part 2 bring your own ios device vs. managed device policies in intune
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Part 2 Bring your own iOS device vs. managed device policies in Intune

This blog is part 2 of 2 in a series all about iOS bring your own device (BYOD) in comparison to managed device policies in Microsoft Intune. Click the link to read part 1.

Budget considerations


  • Corporate devices require an upfront investment; however, their use ensures uniformity and control throughout their lifespan, providing greater management control of applications.
  • BYOD devices offer another option, with Mobile Application Management and minimal compliance policies to provide controlled access, allowing IT to separate corporate data on phones.
  • BYOD can create risks such as weak passwords and insecure applications, but Intune's app protection and conditional access policies (CA policies) can reduce them through carefully managed data interactions and enhanced security measures.
  • Larger organisations must weigh the possible long-term financial effects of data breaches when choosing devices fully controlled by corporate.



Sustaining diverse OS environments with BYOD


Without a corporate device strategy, organisations often revert to BYOD. Unfortunately, this often results in additional IT expenses, due to:

  1. Compatibility issues between policies and applications, as devices are from different vendors.
  2. Assessment of BYOD feasibility or minimum requirements to gain access to corporate resources.
  3. Challenges facing users who cannot afford devices with the latest updates.



Mitigating data leak risks


BYOD policies involve more inherent risks, even with Intune managed applications in place. App protection policies have restrictions such as:

  1. Inability to protect data stored on personal devices prior to policy implementation.
  2. Protection only extends to specific apps/devices assigned for protection, leaving others unregulated.
  3. Users retain full control of their devices.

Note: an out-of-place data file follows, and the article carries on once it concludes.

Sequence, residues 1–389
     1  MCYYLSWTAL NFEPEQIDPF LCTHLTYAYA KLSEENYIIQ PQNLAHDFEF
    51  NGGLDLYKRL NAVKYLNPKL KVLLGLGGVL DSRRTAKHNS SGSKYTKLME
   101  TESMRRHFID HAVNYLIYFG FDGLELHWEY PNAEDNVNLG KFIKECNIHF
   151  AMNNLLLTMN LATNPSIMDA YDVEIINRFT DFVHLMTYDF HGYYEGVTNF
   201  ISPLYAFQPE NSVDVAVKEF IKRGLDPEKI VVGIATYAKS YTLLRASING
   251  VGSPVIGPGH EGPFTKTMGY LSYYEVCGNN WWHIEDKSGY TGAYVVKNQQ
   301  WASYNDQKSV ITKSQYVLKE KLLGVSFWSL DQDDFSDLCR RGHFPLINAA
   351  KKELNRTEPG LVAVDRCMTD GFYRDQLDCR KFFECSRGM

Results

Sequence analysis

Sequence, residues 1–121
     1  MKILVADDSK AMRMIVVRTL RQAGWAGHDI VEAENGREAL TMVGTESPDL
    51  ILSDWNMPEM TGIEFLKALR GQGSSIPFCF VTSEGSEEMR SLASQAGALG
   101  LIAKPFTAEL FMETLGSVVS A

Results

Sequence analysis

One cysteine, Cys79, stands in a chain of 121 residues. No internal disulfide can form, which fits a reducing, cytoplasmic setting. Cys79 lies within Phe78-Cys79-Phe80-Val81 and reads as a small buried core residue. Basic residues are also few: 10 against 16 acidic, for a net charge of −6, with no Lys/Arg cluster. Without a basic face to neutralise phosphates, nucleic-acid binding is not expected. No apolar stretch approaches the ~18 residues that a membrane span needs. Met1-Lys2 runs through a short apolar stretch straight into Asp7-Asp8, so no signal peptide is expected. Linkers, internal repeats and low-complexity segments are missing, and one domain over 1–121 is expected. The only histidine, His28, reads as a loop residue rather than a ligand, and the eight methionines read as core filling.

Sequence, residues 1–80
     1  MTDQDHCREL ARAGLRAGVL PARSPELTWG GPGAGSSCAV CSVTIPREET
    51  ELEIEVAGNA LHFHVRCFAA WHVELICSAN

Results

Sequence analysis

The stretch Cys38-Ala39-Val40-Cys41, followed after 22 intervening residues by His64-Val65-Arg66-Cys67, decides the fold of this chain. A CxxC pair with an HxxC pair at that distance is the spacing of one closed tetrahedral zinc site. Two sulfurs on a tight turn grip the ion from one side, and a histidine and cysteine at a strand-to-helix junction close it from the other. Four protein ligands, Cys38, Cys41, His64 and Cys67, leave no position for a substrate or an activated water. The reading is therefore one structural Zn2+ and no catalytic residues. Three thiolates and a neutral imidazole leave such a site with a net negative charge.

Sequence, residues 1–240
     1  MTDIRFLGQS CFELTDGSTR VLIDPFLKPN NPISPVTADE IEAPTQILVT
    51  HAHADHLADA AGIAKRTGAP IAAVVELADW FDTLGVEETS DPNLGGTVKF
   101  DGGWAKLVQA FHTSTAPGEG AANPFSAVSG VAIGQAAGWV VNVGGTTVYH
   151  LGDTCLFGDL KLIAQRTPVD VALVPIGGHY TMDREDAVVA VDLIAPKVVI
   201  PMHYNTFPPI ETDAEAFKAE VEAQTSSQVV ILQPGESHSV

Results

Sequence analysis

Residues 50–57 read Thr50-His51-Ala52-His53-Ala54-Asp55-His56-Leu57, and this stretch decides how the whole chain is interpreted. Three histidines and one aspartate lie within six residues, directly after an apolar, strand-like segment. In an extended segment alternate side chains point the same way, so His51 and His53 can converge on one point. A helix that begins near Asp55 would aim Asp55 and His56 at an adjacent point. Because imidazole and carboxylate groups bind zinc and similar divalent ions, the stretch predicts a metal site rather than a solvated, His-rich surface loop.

4. Compliance policies could be considered intrusive.
  5. Restrictions on features like Bluetooth/USB transfer could be impractical.
  6. Limited control over network connections.



Managed devices and Apple IDs for user login


  • Your organisation should communicate clearly that managed devices should only be used for work activities and discourage use of personal Apple IDs on managed devices for security reasons (Intune can enforce restrictions).
  • Align device use with security protocols by restricting specific Apple services via Intune.
  • Intune allows companies to monitor the compliance of Apple IDs against company policies, as well as define exceptions for specific individuals via IT policies regarding specific Apple services.
  • Determine necessary Apple Native Services based on user needs or organisational departments (e.g., accessing corporate banking apps with Apple Pay for finance, accounts, and sales).



Understanding Apple ID limitations


Apple ID policies

Your organisation can opt to either allow managed or unmanaged Apple IDs within your organisation, or completely prohibit them.

Managed Apple IDs may provide more security but could limit service access. Personal Apple IDs provide full access to Apple services with increased security risks. No Apple IDs allow maximum protection but restrict functionality and access.


Enforcement and trust

Trust between Intune and its managed Apple ID users is of utmost importance, as they cannot prevent personal use of an Apple ID account.


Intune's role

Provides policy enforcement flexibility; however, organisational strategies should recognise limitations associated with controlling Apple ID usage.


Real world example:

Some users require Apple Pay services on corporate phones, which necessitates permitting personal Apple IDs with associated risks - although these risks can be reduced with full device management.



The role of conditional access in device policy enforcement


  • Ensures compliance with corporate and BYOD policies.
  • Finds an optimal balance between security and user convenience to prevent policy circumvention.
  • Limits access to organisational data by only permitting compliant devices access. Acts as a preventative measure against data breaches by monitoring device and app usage.
  • For effective implementation and understanding of policy impacts. User education will be necessary.


Real world example:

In a BYOD scenario, you would implement a compliance policy with minimal device restrictions, checking the device has a password and is not jailbroken. An App Protection Policy would set control actions such as restricting copy and paste between organisation apps and unmanaged apps, saving data between organisation apps and unmanaged apps and ensuring device compliance. Furthermore, CA Policies restrict access to Office 365 apps through only Managed Apps.


Real world example:

For a managed device scenario, create a CA policy which would ensure any device authorised to access organisation data has access. Optionally for additional restrictions, ensure app protection is also enabled.


In summary...


  • BYOD vs. Managed devices: Consider cost, IT capacity, and security.
  • BYOD advantages: Cost-saving on hardware, but risks data leaks and OS management challenges.
  • Managed devices: Tighter control, albeit at a higher cost.
  • Intune's role: Essential in both scenarios for data protection and device management.
  • Decision factors: Your organisation must consider budget, tech environment diversity, security imperatives, and operational efficiency.

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